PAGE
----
This was title of a lecture I gave at The Hong Kong Polytechnic University, or in short PolyU. I’ve been asked to tell my story, and how I got where I am right now, related to leadership. Am I some kind of a well known leader to talk about this subject? No, I am not. At least not in the way many perceive words leader and leadership.
The message was that looking up to or becoming a leader has a flip side. I’ve been through one of the most extreme ones in Bosnia, where leaders pushed people into war against each other. A more subtle one is the way most businesses are being managed. In Hong Kong, but also in the rest of the world. In most companies, we have people who think or manage, and others who execute as being told. Distinction between the two is very clear. There is this whole notion that people on the floor know much less, and are less capable than people on the top. Of course, this has also become a self-fulfilling prophecy with certain level of acceptance. People on the floor are not encouraged to be creative, think for themselves, but follow the process defined by “smarter” people. It is defined by Frederique Winslow Taylor about 114 years ago in his book “The Principles of Scientific Management”. Not much has changed ever since, or has it?
Well, yes. Many changes are taking place in this area and some of them, like Agile Software Development, are making a dent in this old-fashioned way of thinking about people. A nice “side-effect” is that people who have broken with these old rules, actually deliver much better quality faster. Or better to say, they are more effective.
Who is “they” in this case? They are Agile teams. A groups of people holding certain values, like collaboration, trust, and respect. But, what makes these people really effective in business world is the sense of leadership in each member of the team. Team members are continuously encouraged to improve, be creative, place people above processes, take initiative, bring ideas forward, convince others, and so on.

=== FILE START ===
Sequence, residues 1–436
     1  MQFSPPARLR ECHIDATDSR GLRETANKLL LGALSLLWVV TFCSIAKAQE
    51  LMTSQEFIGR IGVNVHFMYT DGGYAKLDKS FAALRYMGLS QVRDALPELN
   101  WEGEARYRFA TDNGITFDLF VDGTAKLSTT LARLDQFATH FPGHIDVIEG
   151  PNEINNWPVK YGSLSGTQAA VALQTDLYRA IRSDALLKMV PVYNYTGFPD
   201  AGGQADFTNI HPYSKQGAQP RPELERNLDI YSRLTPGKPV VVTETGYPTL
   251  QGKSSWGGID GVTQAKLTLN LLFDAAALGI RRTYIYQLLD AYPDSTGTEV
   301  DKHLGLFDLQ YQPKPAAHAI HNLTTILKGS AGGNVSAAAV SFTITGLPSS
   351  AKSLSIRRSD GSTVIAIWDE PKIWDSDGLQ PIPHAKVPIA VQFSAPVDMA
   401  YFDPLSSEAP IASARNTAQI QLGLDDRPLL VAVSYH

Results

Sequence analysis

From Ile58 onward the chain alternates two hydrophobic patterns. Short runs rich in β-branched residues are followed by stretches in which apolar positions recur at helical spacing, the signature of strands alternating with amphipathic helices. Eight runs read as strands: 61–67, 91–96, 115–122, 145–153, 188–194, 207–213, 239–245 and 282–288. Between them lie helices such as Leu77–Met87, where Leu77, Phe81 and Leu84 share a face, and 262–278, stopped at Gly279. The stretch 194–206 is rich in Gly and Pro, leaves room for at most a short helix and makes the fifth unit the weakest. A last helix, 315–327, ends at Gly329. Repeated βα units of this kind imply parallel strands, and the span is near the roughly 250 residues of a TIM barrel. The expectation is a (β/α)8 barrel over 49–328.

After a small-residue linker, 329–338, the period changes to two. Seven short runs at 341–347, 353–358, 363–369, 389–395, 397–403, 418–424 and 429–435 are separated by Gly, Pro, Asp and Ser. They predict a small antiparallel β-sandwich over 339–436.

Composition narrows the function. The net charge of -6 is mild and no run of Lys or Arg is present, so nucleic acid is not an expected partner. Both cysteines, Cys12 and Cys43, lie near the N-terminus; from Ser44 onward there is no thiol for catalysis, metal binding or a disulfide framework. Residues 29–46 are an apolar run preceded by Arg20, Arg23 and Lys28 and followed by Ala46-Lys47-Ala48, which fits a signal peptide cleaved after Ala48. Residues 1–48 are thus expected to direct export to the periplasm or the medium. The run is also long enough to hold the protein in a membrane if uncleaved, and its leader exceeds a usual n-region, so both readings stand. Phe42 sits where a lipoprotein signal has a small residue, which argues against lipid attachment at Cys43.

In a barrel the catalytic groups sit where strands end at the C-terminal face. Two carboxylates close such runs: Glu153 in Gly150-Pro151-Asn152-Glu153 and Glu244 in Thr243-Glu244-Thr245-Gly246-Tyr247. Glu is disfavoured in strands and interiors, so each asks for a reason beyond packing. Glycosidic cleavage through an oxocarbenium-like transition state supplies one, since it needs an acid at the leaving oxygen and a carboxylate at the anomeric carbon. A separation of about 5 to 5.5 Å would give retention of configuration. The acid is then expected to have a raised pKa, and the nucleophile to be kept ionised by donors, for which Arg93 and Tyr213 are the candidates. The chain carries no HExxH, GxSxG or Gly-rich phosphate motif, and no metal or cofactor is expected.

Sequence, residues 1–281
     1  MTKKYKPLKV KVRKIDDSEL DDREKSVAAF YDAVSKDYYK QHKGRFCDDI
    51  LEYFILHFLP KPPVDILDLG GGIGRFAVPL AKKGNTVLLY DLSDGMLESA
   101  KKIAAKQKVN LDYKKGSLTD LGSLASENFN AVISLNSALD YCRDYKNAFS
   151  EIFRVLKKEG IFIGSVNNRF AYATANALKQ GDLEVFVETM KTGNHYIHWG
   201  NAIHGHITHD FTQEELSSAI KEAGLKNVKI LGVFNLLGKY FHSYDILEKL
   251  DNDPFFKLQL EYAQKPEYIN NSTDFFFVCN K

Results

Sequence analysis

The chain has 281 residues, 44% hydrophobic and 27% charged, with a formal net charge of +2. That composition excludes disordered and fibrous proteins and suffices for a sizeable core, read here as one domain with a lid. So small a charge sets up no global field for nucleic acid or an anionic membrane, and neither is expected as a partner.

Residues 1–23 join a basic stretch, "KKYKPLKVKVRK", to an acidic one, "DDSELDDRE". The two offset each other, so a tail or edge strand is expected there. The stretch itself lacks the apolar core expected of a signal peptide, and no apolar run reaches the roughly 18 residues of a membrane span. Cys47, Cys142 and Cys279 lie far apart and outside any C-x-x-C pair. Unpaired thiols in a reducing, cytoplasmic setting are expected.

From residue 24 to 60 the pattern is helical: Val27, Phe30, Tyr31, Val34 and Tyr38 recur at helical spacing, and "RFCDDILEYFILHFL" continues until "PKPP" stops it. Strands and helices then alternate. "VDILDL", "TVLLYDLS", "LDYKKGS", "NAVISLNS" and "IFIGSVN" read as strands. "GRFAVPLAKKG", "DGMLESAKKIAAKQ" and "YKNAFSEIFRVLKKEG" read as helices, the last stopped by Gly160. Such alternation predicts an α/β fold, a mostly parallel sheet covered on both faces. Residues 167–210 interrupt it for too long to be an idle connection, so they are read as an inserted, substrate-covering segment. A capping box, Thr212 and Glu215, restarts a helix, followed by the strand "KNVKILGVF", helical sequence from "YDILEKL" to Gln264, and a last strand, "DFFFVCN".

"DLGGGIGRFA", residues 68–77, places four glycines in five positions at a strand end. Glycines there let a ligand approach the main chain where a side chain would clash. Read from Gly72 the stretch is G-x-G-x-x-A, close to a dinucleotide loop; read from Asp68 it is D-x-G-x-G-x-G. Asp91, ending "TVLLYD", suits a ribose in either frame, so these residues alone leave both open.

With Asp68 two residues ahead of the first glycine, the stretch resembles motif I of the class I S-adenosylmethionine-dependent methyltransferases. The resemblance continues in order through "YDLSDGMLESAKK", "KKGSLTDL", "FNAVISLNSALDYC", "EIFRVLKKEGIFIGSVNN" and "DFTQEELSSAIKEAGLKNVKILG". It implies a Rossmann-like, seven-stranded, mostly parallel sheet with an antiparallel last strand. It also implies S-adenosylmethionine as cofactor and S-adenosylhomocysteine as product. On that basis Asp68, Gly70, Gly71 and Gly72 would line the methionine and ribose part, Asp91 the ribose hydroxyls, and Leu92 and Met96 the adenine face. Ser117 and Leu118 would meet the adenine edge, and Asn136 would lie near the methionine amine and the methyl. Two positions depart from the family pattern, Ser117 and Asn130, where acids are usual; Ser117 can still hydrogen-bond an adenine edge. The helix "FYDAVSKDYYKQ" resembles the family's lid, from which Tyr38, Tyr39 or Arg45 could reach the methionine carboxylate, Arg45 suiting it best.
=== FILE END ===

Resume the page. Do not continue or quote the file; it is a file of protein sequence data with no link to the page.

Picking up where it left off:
These are the leadership qualities. They are not based on titles, but mutual trust, respect and power of arguments. In these environments, the Taylor’s world is upside down. The traditional leaders / managers, are taking more facilitating role and following the wish of the teams. I have become part of this, in the past 15 years, and will never leave it.
After I told these 18 year old Hong Kong students about basics of Agile and Scrum, the most interesting thing happened. I’ve received about 100 questions, written on paper. These questions are much different from questions I’ve received in any workshop, training or a masterclass I gave before. At that moment I’ve discovered that if I’m able to answer these questions, I will learn a lot about why we like this thing called Agile and also about myself.
In the following posts, I will try to answer those questions, one by one. The list below will be updated continuously:
- What are the steps for getting collaborative work environment?
- How to convince others?
- Leader’s most important attitude
- How do you stand for your own idea when others disagree?
- Democratic or autocratic leadership?
- Teammates not communicating
- Understanding each other
- Does decision making by whole team cost more time?
- Do self-organising teams work well in all cultures?
- What if some prefer privacy above cooperation?